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China Confronts Terrorism in Africa

Nov 18 , 2013
  • David Shinn

    Adjunct Professor, George Washington University

China’s counterterrorism policy since the 2001 attacks on the United States has increasingly been pursued in the context of the global war on terror.  Exhibit number one is its preoccupation with terrorism in the troubled Xinjiang region of northwest China inhabited primarily by the Muslim Uighur people.  China underscored this concern following the 28 October 2013 vehicle crash in Tiananmen Square.  Chinese officials said the incident was a terrorist attack perpetrated by the East Turkistan Islamic Movement (ETIM), a group linked to Xinjiang.  The United States listed ETIM in 2002 as a terrorist organization. In October 2013, Pakistan, at China’s request, banned ETIM and two other organizations that are active in Xinjiang. 

Chinese Vice Foreign Minister Cui Tiankai, speaking at the United Nations in January 2013, identified four themes in China’s international counterterrorism cooperation.  First, China fully respects the sovereignty and territorial integrity of the countries that are combatting terrorism.  Second, China seeks to leverage the UN and the Security Council as the main channel of cooperation and welcomes the establishment of the UN Counterterrorism Center.  Third, China believes in a comprehensive approach that addresses the root causes as well as the symptoms of terrorism.  Fourth, it argues there should be no double standard; all terrorist organizations including the ETIM must be condemned and defeated.  

This policy seems to be playing out in Africa, which is not a center of China’s concern, but is growing in importance. Designated terrorist organizations and others that simply use terrorist tactics pose a growing threat to China’s presence in Africa.  Chinese economic interests are increasing rapidly and the number of Chinese nationals residing in Africa is rising.  There are an estimated one to two million Chinese, including some whose roots go back a century or more, now living in the 54 African countries.  China has diplomatic relations with 50 of these countries and an embassy in 49 of them.  Almost half of Africa’s population is Muslim; the plight of the Uighur people in Xinjiang complicates China’s situation in those parts of Africa where Islamic terrorist groups are active.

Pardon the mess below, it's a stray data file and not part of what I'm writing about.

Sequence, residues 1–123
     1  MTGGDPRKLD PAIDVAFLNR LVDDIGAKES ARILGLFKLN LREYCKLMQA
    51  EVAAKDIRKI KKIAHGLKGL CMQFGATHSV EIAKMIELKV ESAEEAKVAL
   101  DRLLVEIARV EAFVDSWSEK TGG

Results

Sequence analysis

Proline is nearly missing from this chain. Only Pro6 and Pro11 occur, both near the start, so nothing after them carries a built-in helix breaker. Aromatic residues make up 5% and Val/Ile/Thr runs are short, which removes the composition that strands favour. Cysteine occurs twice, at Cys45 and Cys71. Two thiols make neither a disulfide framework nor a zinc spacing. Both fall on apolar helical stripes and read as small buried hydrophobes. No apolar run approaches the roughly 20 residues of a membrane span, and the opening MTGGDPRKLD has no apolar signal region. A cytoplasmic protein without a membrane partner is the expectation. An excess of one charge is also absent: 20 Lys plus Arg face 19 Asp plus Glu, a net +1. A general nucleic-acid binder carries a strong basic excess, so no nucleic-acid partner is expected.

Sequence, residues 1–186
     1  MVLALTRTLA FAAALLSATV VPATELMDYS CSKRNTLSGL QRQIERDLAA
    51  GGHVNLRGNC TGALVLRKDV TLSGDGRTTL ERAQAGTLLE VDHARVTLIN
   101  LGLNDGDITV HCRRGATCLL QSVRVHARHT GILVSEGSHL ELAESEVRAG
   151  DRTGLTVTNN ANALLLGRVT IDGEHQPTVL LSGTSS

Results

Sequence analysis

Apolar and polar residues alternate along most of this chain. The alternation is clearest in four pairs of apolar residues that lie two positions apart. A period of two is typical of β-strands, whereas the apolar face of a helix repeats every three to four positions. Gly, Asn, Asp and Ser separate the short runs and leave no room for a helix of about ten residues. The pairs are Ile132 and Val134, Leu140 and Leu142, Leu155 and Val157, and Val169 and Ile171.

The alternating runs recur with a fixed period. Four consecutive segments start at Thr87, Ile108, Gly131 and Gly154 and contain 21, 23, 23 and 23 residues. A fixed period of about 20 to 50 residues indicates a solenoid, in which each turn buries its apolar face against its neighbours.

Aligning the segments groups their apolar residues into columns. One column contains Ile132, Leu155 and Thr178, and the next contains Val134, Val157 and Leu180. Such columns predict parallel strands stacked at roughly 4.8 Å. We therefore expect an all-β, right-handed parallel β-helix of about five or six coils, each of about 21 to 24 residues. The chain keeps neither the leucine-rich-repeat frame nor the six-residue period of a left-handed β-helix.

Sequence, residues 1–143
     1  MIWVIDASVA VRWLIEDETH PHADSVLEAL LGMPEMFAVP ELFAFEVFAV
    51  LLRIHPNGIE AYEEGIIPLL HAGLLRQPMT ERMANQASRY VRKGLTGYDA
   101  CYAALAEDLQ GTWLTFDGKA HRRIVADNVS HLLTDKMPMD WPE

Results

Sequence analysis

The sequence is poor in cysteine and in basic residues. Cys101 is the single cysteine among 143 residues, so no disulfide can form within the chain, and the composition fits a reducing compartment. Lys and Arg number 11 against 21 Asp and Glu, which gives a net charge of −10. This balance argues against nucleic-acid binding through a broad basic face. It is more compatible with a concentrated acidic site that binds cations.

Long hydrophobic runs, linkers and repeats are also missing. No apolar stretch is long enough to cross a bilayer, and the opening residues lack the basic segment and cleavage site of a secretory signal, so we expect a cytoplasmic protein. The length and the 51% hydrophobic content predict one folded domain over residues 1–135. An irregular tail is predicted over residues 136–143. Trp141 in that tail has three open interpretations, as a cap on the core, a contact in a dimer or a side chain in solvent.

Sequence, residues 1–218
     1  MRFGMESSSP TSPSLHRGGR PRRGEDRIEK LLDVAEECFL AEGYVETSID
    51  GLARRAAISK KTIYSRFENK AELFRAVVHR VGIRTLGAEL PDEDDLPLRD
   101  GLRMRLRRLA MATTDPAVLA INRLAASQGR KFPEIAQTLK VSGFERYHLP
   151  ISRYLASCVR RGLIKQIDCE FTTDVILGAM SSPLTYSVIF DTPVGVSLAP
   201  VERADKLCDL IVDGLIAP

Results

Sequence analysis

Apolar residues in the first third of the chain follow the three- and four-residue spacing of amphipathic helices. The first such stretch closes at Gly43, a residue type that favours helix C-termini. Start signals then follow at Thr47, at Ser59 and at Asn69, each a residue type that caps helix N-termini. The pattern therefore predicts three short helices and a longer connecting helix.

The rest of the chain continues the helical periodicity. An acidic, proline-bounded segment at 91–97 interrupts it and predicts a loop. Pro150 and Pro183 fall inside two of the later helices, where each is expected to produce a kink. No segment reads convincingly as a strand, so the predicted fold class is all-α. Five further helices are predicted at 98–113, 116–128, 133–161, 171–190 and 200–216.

So far, the only attack by a designated terrorist organization, al-Qaeda in the Islamic Maghreb (AQIM), targeting Chinese interests occurred in 2009 following unrest in Xinjiang.  AQIM announced it would attack Chinese workers in North Africa and then launched one on a convoy of Chinese construction workers in Algeria.  AQIM killed 24 Algerian paramilitary police officers escorting the workers but killed no Chinese.  Two extremist Islamic websites affiliated with al-Qaeda called for the killing of Han in Algeria.  In 2010, a suicide bomber killed a Chinese driver in Algeria.  

Chinese nationals have experienced other attacks by groups that oppose current African governments.  Some have been designated as terrorist groups by the African government under attack but have not been so designated by the international community.  A dozen or more Chinese nationals were kidnapped and subsequently released by the Movement for the Emancipation of the Niger Delta in Nigeria’s oil-rich southeastern region.  The Justice and Equality Movement in Sudan attacked Chinese oil company personnel on several occasions, kidnapping and killing a number of them.  In 2007, the Ogaden National Liberation Front in Ethiopia attacked a Chinese oil exploration base, killing nine in a shootout with Ethiopian soldiers protecting the Chinese, and kidnapping others who were eventually released.